When sendMessage is called the Handler calls handleMessage over on the UI thread. It sets the color and displays the letter by what the message just delivered via the Handler. To start everything in motion, make a Thread object that references the Translator and then call start on that thread.

Wednesday, September 16, 2015

App a Day 2: Die

Die displays one ImageView in the middle of the screen showing the face of a die. Clicking on it randomly shows one of the 6 faces of the die and plays a sound.

Here is free clip art of dice:

And here is the sound I used:

As for code resources, if you look at the code for the below example's from Coursera's Android course from University of Maryland you'll see some close similarities:

App a Day Challenge - Day 1: One Table

I'm starting an App a Day challenge. And I'm starting it today. The challenge ends when I get a job.

The Rules

The App a Day Challenge must result in one mobile app, which performs its intended function, posted to my github page once per day, 5 days a week. For my purposes the 5 days will be Tuesday through Saturday.

The app must compile, must perform its intended function without crashing, and it must be posted by midnight or 11:59 PM for the day it is made. I will be making changes to existing apps as some dailies but I will try to ensure that the added feature is not trivial.

A missed day will result in punishment; until better punishment is decided on, I will jog 5 kilometers. Every 2 failures will increase the punishment by 1 kilometer.

This does not mean that I will be starting and ending an app in one day. If I'm going to be able to do this I will need to make sure more complex apps get more time.

Day 1: OneTable

Click here for code.
In this app I just wanted to learn the basics of using a SQLite Database for persistent storage. It falls just short of doing something useful, allowing a user to keep short simple notes and displaying them in a list ordered newest to oldest. Each list item has a delete button.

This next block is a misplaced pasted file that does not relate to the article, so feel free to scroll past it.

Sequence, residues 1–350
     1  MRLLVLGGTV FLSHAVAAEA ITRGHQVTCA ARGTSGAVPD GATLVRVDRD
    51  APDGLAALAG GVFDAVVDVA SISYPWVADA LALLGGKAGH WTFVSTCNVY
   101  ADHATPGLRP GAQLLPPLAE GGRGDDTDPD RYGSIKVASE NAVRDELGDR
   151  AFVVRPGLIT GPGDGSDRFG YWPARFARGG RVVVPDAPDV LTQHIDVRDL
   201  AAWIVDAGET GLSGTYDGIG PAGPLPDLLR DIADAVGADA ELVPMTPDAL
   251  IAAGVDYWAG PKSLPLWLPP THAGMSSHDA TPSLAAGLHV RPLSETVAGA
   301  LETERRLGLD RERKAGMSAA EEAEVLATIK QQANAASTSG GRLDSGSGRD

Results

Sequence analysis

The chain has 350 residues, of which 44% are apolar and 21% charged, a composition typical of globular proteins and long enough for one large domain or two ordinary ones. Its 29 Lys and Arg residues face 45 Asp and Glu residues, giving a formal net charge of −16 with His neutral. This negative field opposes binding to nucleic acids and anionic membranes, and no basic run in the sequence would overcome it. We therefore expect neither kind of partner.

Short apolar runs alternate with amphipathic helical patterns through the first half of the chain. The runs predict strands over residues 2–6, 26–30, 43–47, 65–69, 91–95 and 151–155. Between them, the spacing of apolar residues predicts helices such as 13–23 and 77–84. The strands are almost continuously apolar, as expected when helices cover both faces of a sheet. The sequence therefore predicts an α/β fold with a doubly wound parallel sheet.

If I had more time I'd obviously clean up the looks. I also wanted to make the list items more compact and then expand when focused.

I should be able to save a lot of time on future projects by starting with copies of the Contract, Helper, and Adapter classes and modifying those.

I used a lot of code and concepts from this Android training page on SQLite and from this code from the one of Udacity's Android courses.

So first I needed to define the database. This is done in the Contract and Helper classes.

Create an instance of the Helper. Also create an instance of the adapter. The Adapter simply extends cursor adapter and overrides newView and bindView.

After this part I defined functions that insert and query the database following almost exactly the related sections in the aforementioned Android training documentation regarding SQLite. You may have noticed the call to getLogTimes() which is just what they have there. It returns the cursor from SQLiteDatabase.query(). Whenever you run this function, take the cursor and put it into the swapCursor function of the adapter: mAdapter.swapCursor(getLogTimes(db)). This will update the list view with the new stuff.

I'm writing a shitty blog post so I'm going to come back and make this better another day. But for now, day one complete.